Occupancies and revenues plummeted in recent years in Dubai as demand failed to keep pace with rising supply. As the market struggled, many hotel companies delayed projects in the emirate, including Kempinski, which last week said it was further pushing back the opening of its 253-room hotel on the Palm Jumeirah by two years due to oversupply concerns.
Dubai tourism officials had forecast that 10,000 new hotel rooms would open in the emirate this year, but that figure is likely to be much lower. A recent report by Jones Lang Lasalle predicted that just 3,400 rooms will be added to the sector this year, down 55% from the 7,700 that came on stream in the emirate last year.
Hotel performance on upswing
The consultancy believes the hospitality market in Dubai will ‘stabilise’ in 2011, and so far that has proven to be the case. Dubai’s hotels recorded a 7.9% rise in occupancy to reach 76.6% in January, according to data from STR Global. Dubai hotels also recorded a 2.6% in revenue per available room (RevPAR) to reach $178 for the month.
As the influx of new supply slows, experts say demand will play an increasingly important role in determining how well hotels perform. “The number and pace of new hotel rooms entering the Dubai market is becoming less important in affecting general hotel performance,” said Chiheb ben Mahmoud, the senior vice president at Jones Lang LaSalle Hotels Middle East and Africa.
“Hotel performance in 2011 and beyond is more likely to be affected by the capacity of and possibility for Dubai, as a destination, to maintain and grow the leisure tourism momentum, especially in the wake of what’s happening in the region and the perceived turbulences.”
While pointing out that there are ‘a number of hotels which are not open despite being close to completion’, Chiheb said he does not believe that Dubai’s hotel sector is saturated. “There is not such a thing really as a ‘saturated market’ when it comes to a leisure tourism destination,” he explained. “There could be bottlenecks in the tourism supply chain linked with the infrastructure such as airports, but this is not the case of Dubai. Most of the bottle necks have been addressed.”
From an investment point of view, interest in Dubai remains strong among hotel operators, he claims. “As some management agreements are reaching their terms and properties are ageing, a number of properties are expected to change ‘hands’ not in terms of owners but in terms of operators,” he noted. “One example is the new Crowne Plaza in Deira, which was operated by Marriott under the Renaissance brand and which was for a long time an FB landmark for Dubai residents.”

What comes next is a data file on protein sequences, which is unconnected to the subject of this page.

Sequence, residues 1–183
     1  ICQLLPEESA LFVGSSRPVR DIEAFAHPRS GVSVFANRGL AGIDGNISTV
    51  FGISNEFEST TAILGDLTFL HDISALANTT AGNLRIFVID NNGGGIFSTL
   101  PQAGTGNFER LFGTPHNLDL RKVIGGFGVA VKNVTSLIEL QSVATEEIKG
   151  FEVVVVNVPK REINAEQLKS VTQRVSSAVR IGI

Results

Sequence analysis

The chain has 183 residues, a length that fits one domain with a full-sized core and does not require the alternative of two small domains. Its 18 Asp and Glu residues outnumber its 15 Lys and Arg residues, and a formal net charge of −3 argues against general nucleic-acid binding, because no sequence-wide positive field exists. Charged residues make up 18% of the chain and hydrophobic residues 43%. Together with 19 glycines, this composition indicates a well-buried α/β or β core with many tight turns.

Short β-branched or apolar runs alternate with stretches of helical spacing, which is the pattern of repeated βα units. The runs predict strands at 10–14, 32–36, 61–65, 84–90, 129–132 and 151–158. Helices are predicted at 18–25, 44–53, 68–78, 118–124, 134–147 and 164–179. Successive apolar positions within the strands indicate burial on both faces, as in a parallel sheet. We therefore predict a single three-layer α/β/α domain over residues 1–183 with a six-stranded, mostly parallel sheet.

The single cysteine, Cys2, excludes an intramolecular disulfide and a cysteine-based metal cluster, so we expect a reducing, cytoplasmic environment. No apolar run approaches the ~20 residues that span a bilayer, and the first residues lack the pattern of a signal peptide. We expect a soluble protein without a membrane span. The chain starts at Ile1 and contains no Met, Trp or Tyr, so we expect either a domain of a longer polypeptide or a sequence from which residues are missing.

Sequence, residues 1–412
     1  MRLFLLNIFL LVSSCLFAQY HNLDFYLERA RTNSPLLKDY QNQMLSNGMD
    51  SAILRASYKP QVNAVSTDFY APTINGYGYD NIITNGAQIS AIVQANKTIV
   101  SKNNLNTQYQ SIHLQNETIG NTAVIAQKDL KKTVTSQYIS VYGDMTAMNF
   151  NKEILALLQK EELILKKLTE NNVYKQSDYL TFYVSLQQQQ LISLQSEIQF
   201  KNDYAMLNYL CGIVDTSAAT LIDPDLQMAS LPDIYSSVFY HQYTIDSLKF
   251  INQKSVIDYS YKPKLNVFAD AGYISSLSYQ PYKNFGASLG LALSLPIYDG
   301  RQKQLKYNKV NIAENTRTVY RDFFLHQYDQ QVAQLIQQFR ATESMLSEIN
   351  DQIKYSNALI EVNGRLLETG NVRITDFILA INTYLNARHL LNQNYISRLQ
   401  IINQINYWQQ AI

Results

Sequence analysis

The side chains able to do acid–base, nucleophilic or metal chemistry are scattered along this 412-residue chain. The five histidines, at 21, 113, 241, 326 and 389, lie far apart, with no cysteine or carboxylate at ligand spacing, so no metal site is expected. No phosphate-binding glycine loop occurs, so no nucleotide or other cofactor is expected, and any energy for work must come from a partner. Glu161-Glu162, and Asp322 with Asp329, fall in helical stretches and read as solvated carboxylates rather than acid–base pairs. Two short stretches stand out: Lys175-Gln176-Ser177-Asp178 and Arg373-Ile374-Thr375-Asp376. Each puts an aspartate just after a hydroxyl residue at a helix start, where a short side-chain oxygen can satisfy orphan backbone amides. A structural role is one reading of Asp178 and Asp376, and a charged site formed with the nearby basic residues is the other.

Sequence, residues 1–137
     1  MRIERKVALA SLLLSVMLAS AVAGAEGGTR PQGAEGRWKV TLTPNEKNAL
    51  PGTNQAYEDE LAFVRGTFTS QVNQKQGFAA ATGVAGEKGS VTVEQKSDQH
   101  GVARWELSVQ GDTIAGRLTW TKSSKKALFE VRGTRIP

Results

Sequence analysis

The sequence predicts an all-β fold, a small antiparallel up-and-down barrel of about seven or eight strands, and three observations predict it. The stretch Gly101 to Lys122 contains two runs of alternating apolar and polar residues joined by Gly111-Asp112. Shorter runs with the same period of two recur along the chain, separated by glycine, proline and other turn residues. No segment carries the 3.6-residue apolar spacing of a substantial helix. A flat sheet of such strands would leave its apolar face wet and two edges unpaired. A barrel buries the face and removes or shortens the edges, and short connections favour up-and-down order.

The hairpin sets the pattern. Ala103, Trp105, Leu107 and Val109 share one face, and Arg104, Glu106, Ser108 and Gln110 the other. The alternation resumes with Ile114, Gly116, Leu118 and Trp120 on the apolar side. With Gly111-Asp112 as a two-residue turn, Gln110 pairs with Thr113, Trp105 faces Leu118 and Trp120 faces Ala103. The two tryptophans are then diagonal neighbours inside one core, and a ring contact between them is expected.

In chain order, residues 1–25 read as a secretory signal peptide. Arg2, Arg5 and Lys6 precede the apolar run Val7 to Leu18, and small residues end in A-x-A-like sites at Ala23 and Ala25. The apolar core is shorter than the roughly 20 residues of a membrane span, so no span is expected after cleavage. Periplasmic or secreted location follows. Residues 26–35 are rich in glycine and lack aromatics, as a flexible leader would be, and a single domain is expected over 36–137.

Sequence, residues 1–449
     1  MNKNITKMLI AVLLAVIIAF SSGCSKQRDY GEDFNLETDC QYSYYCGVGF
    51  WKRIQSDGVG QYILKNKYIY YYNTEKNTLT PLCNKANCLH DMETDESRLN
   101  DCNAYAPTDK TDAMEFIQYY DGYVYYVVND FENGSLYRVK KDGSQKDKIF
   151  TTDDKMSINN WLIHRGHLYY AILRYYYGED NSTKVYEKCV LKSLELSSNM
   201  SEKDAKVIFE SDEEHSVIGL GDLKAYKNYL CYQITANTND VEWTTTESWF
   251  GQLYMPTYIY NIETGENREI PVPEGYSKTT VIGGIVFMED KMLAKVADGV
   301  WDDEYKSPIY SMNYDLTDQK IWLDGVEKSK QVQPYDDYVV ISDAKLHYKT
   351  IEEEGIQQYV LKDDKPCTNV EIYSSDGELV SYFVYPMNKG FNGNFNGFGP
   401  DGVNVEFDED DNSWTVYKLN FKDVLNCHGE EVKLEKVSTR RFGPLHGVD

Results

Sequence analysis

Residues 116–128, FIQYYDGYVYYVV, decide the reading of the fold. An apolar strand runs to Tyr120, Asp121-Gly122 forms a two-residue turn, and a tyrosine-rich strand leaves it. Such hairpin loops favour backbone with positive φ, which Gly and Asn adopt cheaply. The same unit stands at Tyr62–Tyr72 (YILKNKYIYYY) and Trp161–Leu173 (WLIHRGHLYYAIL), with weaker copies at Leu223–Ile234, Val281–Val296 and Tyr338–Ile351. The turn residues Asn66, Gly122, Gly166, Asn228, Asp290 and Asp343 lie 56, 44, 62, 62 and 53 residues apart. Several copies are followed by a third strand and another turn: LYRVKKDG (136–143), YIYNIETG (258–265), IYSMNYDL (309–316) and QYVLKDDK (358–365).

Regional unrest boosts demand
Hotels that forged ahead with their plans as the market struggled and opened their doors in recent months are getting a boost from the unrest in the region. Michael Nugent, the general manager at Movenpick Deira, said his hotel has seen strong demand since opening in mid-January.
“February was an extremely buoyant month for hotels across the city. We managed to close just short of 80% occupancy for the month, which is a big figure for a hotel open just 10 weeks,” he told AMEinfo.com. “I think there is still a lot of confidence,” he added. “March is turning out to be quite a healthy month. Everyone is still doing well.”
He acknowledged that the influx of supply poses challenges for hotels in the emirate. “There is a lot of inventory coming in and the customer is benefitting from that,” he said. “They are getting five-star products in a number of key locations at prices you could not get in Europe. So it’s not easy, there is no doubt about that, but the city can absorb it.”
But for now, the new supply provides ‘healthy competition’ for the market, he maintains. “We are achieving results that my European colleagues would be extremely happy with,” he said. “Most properties are sitting in the low to mid-70s. Those are good figures. Hotels are still making money. The customer is getting a much better deal.”
He added: “I think it is healthier for the city to be in this scenario. And I think most businesses would not want to go back to the situation in 2008. It wasn’t sustainable, and it was detrimental to the destination and to the tourists. If we have our product, service, and marketing right, we have nothing to worry about,” he said.